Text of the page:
The Chimney Sweeper
by William Blake
When my mother died I was very young,
And my father sold me while yet my tongue
Could scarcely cry ” ‘weep! ‘weep! ‘weep! ‘weep!”
So your chimneys I sweep & in soot I sleep.
There’s little Tom Dacre, who cried when his head
That curled like a lamb’s back, was shaved, so I said,
“Hush, Tom! never mind it, for when your head’s bare,
You know that the soot cannot spoil your white hair.”
And so he was quiet, & that very night,
As Tom was a-sleeping he had such a sight!
That thousands of sweepers, Dick, Joe, Ned, & Jack,
Were all of them locked up in coffins of black;
And by came an Angel who had a bright key,
And he opened the coffins & set them all free;
Then down a green plain, leaping, laughing they run,
And wash in a river and shine in the Sun.
Then naked & white, all their bags left behind,
They rise upon clouds, and sport in the wind.
And the Angel told Tom, if he’d be a good boy,
He’d have God for his father & never want joy.
And so Tom awoke; and we rose in the dark
And got with our bags & our brushes to work.
Though the morning was cold, Tom was happy & warm;
So if all do their duty, they need not fear harm.
Summary of The Chimney Sweeper
- Popularity of “The Chimney Sweeper”: This poem was written by William Blake, a popular English poet. ‘The Chimney Sweeper’ is a popular poem on account of its theme of poverty and the life of the working children. It was first published in 1789. The poem comprises the agony of children who were forced to live a miserable life. The children had to survive and earn their livelihood by sweeping chimney at a very young age during the time of William Blake. Its popularity lies in that it depicts the innocence of the children.
- “The Chimney Sweeper” As a Representative of Sorrow: As this poem is about the young chimney sweepers, the speaker details how he gets involved in sweeping chimney business. He says that his father had put him into the work as a chimney sweeper after the death of his mother. The speaker also recounts the story of his fellow chimney sweeper, Tom, who was hurt when his head was shaved. The narrator consoles him, and he goes to sleep. Tom had a dream in which he saw that all sweepers are in coffins. An angel comes and sets the children free. Then they play happily in the sun, and the angel tells Tom that he will have a heaven of his own. Next morning when he wakes up he decides to work hard because he believes that if he works hard, he will get a reward.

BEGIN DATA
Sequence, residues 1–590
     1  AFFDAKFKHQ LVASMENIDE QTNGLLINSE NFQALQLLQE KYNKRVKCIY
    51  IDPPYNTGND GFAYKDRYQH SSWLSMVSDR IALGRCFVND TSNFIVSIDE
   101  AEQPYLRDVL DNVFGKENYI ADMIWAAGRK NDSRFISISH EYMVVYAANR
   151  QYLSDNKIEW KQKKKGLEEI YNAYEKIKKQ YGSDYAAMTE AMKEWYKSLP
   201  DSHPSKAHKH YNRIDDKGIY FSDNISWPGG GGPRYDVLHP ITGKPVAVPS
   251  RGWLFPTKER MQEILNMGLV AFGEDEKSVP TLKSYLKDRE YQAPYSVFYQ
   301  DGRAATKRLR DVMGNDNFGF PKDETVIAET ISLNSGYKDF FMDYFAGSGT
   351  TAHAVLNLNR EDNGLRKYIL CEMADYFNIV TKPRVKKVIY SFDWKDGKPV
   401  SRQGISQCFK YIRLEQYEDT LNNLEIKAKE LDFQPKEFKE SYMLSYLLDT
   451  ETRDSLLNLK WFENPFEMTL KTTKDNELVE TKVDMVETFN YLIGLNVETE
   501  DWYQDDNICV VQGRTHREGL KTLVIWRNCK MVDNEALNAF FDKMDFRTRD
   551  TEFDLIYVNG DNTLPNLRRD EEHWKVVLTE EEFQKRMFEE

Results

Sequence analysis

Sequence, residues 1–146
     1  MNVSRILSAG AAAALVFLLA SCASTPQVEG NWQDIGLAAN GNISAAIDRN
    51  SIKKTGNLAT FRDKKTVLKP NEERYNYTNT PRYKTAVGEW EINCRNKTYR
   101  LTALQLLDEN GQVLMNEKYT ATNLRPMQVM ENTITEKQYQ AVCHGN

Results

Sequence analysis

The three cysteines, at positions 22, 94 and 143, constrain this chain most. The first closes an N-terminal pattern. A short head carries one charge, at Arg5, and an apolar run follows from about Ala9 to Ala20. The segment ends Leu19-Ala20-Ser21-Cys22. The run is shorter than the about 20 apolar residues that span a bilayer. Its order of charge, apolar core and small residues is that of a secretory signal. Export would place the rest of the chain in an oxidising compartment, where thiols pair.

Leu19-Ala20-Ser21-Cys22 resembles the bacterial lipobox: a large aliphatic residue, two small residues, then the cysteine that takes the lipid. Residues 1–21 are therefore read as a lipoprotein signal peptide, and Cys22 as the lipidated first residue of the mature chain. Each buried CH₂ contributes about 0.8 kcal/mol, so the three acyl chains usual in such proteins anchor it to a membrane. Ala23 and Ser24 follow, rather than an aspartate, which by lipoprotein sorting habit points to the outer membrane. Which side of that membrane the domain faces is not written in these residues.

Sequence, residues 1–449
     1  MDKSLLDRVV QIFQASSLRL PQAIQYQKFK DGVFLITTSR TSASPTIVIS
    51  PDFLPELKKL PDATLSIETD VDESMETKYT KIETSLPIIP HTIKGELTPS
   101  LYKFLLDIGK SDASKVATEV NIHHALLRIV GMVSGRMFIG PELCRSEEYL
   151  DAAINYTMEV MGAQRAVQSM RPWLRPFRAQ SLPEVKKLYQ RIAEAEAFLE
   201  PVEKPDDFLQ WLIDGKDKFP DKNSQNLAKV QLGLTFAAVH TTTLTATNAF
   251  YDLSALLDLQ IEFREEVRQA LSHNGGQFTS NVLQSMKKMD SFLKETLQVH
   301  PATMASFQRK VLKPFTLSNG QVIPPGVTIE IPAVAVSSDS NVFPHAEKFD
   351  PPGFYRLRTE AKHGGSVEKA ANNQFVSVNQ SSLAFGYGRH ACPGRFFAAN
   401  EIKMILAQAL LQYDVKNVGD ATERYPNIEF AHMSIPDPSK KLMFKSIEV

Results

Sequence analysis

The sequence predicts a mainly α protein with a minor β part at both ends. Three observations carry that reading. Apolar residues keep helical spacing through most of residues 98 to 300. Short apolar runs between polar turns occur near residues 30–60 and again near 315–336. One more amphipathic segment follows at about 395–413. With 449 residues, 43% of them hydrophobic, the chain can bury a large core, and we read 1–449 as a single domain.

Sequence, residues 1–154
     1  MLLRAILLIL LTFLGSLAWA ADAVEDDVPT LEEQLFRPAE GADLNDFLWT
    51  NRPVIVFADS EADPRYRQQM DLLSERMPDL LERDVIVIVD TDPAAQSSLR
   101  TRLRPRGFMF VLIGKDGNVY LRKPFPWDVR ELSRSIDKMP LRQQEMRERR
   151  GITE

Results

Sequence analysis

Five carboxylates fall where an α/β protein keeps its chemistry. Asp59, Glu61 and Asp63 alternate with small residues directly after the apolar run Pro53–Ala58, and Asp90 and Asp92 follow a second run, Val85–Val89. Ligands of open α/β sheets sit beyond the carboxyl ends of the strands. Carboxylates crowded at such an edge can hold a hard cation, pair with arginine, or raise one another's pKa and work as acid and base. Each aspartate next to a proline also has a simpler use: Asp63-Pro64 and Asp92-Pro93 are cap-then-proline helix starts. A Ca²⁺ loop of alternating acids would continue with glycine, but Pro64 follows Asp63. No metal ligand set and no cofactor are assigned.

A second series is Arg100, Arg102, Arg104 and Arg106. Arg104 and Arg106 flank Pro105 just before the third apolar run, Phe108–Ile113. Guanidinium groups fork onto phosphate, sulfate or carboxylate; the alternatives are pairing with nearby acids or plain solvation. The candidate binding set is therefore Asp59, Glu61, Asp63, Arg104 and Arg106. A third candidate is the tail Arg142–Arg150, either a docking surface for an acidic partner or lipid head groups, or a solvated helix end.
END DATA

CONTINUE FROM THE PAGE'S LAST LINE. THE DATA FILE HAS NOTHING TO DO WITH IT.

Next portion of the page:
- Major Themes in “The Chimney Sweeper”: Misery, death, and hope are the major themes of this poem. The poem presents the miseries of children as chimney sweepers and their contentment in life. It is through the mouth of two young speakers the poet conveys his idea that one should not lose hope. First, they are seen unhappy with their job, but later they accept their fate after having that vision and, somehow their lives become easy for them. They believe that their hard work would surely pay them in the long run.
Analysis of Literary Devices in “The Chimney Sweeper”
Literary devices are tools used to make the texts understandable for the readers. They also allow the readers to interpret the text in multiple ways. William Blake has also employed some literary devices in this poem to make it superb. The analysis of some of the literary devices used in this poem has been given below.
- Assonance: Assonance is the repetition of vowel sounds in the same line such as the sound of /ee/ in “Could scarcely cry ” ‘weep! ‘weep! ‘weep! ‘weep!” and the sound of /i/ in “And so he was quiet, & that very night”.
- Metaphor: It is a figure of speech in which an implied comparison is made between persons or different objects. There is one metaphor used in the first line of the last stanza. “And so Tom awoke; and we rose in the dark” where ‘dark’ is the metaphor of miserable life of the chimney sweeping children.
- Consonance: Consonance is the repetition of consonant sounds in the same line such as the sound of /l/ and /p/ in “Could scarcely cry ” ‘weep! ‘weep! ‘weep! ‘weep!” and the sound of /r/ in “So if all do their duty, they need not fear harm.”
- Simile: It is a figure of speech used to compare persons or objects to make the meanings clear. For example, “That curled like a lamb’s back, was shaved, so I said”, here the poet compares Tom’s hair with lamb wool.
- Alliteration: Alliteration is the repetition of consonant sounds in the same line but with quick succession such as the sound of /l/ in “That curled like a lamb’s back, was shaved, so I said” and the sound of /c/ and /w/ in “Could scarcely cry ” ‘weep! ‘weep! ‘weep! ‘weep!”.
- Imagery: Imagery is used to make readers perceive things involving their five senses. For example, “So your chimneys I sweep & in soot I sleep”; “Then naked & white, all their bags left behind” and “And got with our bags & our brushes to work.”
- Symbolism: Symbolism is a use of symbols to signify ideas and qualities by giving them symbolic meanings different from their literal meanings. Lamb is the symbol of childhood and innocence and “green plain” symbolizes freedom and prosperity.
Analysis of Poetic Devices in “The Chimney Sweeper”
Poetic Devices refer to those techniques a poet uses to bring uniqueness in his text. The analysis of some of the poetic devices used in this poem is given below.
- Stanza: A stanza is a poetic form of some lines. There are five stanzas in this poem; each comprises four lines.
- Quatrain: Quatrain is a four-lined stanza borrowed from Persian poetry. Here each stanza is quatrain.
- Rhyme Scheme: The poem follows the AABB rhyme scheme.
- End Rhyme: End rhyme is used to make the stanza melodious. For example, “young/tongue”, “weep/sleep” and “boy/joy.”
Quotes to be Used
The lines stated below can be used to describe the pain one feels after the death of his parents.
“When my mother died I was very young,
And my father sold me while yet my tongue
Could scarcely cry ‘weep! ‘weep! ‘weep! ‘weep!”